Billiat’s date with destiny arrives

By Robson Sharuko

HARARE–KHAMA Billiat’s quest for greatness enters a defining period on Saturday when Mamelodi Sundowns host Egyptian giants Zamalek in the first leg of the 2016 CAF Champions League final amid fears the South Africans’ challenge could wilt under the burden of fatigue accumulated from 15 months of non-stop football.

The 26-year-old high-flying Zimbabwe international forward has been the leading light in Sundowns’ battle to become champions of Africa, for the first time in the club’s history, just four months after being crowned champions of South Africa for the second time in three seasons.

Billiat was voted Footballer of the Season in South Africa, after his dominant displays inspired the Brazilians to success in the league, and has also played a very huge role in inspiring Sundowns to their first appearance in the CAF Champions League final in 15 years.

The Pretoria side are hoping to get it right, this time around, after they crashed to a heavy 1-4 aggregate loss in the final of the 2001 CAF Champions League where they, ironically, met another Egyptian giant, Al Ahly, who have won the tournament eight times.

Al Ahly, who set a benchmark for success in African football in 2005 as they went for 46 games in the Egyptian Premier League, Cup and Super Cup and in the CAF Champions League, without defeat, are Zamalek’s biggest rivals.

Sundowns have already beaten Zamalek in the two group matches they played against each other in the CAF Champions League this year, with Billiat scoring the winning goal in a 2-1 victory in Cairo, but things have changed since then and the Egyptians – who scored seven goals in their semi-final showdown against Wydad Casablanca of Morocco – will start the final as slight favourites.

After all, they will host the decisive second leg at home at the famed Cairo International Stadium on October 23 and the club chairman, Mortada Mansour, wants the country’s authorities to allow them to let in a capacity 100,000 crowd for the showdown against Sundowns.

Large crowds have only been allowed at few football matches in Egypt since 72 Al Ahly fans died in violent disturbances in Port Said four years ago and there were only 5,000 fans at the Petrosport Stadium when Zamalek hosted Sundowns in their 2016 CAF Champions League group game this year.

“I held talks with Egyptian presidency officials,” Mansour told the Egyptian media. “I talked with them to allow for 100,000 fans – they assured me they will discuss that with the Ministry of Interior.”

Last year, 22 Zamalek fans died when they clashed with police in Cairo following violent disturbances in a league match against city rivals ENPPI.

Two months ago, Sundowns would have been odds-on favourites to win the contest but there are fears that the Pretoria side, who have been playing non-stop football since August last year, are beginning to feel the effects of burn-out from a very long season.

They suffered a humbling 0-3 defeat in the MTN8 Cup final at the hands of Bidvest Wits recently with their star players, like Billiat, barely coming to the party.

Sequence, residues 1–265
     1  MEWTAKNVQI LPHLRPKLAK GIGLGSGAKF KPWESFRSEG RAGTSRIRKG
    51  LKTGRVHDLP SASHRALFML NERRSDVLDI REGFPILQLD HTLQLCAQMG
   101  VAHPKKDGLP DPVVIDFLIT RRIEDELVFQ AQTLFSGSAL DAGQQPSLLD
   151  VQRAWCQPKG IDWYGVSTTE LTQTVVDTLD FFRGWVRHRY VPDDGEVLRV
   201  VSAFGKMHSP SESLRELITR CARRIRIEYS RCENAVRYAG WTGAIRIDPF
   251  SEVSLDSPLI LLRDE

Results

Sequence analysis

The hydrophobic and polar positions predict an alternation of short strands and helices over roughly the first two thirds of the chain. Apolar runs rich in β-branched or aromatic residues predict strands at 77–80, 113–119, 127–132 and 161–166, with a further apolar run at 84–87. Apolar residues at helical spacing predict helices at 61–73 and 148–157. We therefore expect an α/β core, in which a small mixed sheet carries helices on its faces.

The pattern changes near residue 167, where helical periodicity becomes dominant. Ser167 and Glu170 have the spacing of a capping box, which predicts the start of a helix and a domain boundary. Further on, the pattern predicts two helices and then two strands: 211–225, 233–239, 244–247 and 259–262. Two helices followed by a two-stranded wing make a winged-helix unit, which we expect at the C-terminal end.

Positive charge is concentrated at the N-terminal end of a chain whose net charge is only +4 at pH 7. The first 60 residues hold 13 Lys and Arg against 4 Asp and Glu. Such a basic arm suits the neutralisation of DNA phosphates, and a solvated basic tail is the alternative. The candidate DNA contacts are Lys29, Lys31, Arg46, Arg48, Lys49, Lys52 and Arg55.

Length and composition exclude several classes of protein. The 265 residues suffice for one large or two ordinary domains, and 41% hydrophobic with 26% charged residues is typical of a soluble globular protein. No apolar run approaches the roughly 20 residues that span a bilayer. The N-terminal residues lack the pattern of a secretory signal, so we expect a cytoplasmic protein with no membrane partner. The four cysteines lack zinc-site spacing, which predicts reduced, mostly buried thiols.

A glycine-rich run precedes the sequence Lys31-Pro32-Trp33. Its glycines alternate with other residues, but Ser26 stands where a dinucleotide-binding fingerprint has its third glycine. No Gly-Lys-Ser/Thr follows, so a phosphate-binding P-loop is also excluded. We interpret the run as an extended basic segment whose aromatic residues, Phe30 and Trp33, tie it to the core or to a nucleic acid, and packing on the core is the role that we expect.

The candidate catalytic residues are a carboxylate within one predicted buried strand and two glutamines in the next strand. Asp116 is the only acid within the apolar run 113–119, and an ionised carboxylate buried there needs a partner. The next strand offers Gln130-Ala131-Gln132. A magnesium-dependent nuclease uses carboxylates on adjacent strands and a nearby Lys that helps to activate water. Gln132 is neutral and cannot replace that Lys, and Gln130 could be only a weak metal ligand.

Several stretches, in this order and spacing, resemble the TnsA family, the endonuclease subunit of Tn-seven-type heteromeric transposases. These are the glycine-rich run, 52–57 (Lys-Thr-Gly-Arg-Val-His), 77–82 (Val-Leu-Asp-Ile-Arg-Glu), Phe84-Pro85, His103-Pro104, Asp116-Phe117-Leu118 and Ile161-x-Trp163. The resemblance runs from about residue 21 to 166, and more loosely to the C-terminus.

Former South African international striker, Phil Masinga, who also played for Sundowns during a very successful career that also took him to Europe, says he fears for the Brazilians.

“I feel sorry for them because most of the players they haven’t rested. They have to keep on playing because of the Champions League and somewhere somehow it is going to catch up with them,” Masinga told

“I mean, it’s exactly what’s happened with Pirates. I don’t blame (Eric) Tinkler for the run Pirates had last season in the league.

“The problem with our football is the calendar. We have copied the European calendar without thinking about what’s going to happen in our own continent with our own calendar.

“Now players are getting less rest and then they have to go and perform. These people are not machines, they are not cars that you have to start and function with oil.

“I think Sundowns will feel it hard along the way.”

Billiat has been a key member of the Warriors in their successful adventure in the 2017 Nations Cup qualifiers, while his partner in attack, Keegan Dolly, also played for South Africa at the Olympic Games in Brazil.

Another member of that attack, Colombian striker Leonardo Castro, has already succumbed to the challenges of a very long season after being ruled out of the CAF Champions League final matches because of an ankle injury.

But there is defiance in the Sundowns’ camp.

“The team is in high spirits after a successful season,” Billiat told CAF’s official website.

“We are eager to make history by becoming the second South African team to win the CAF Champions League after Orlando Pirates.

“But sure, it will not be easy.”

And, should Sundowns win the CAF Champions League, it will provide another headache for Warriors coach Callisto Pasuwa who badly needs a fresh Billiat to lead his team’s attack at the 2017 Nations Cup finals in Gabon next January.

A victory over Zamalek will see Sundowns playing in the FIFA Club World Cup in December this year and this means Billiat, who was rested by Pasuwa from the Warriors’ final Nations Cup qualifier in Guinea, will not have a break and will have been playing non-stop football for 18 months by the time the African football festival gets underway.

Billiat’s handlers are hoping that their man impresses in the CAF Champions League final and, hopefully, in the FIFA Club World Cup and then the 2017 Nations Cup finals for him to showcase his talent to a global audience of possible suitors as they angle to take him to Europe either in January next year or in August.

October 2016
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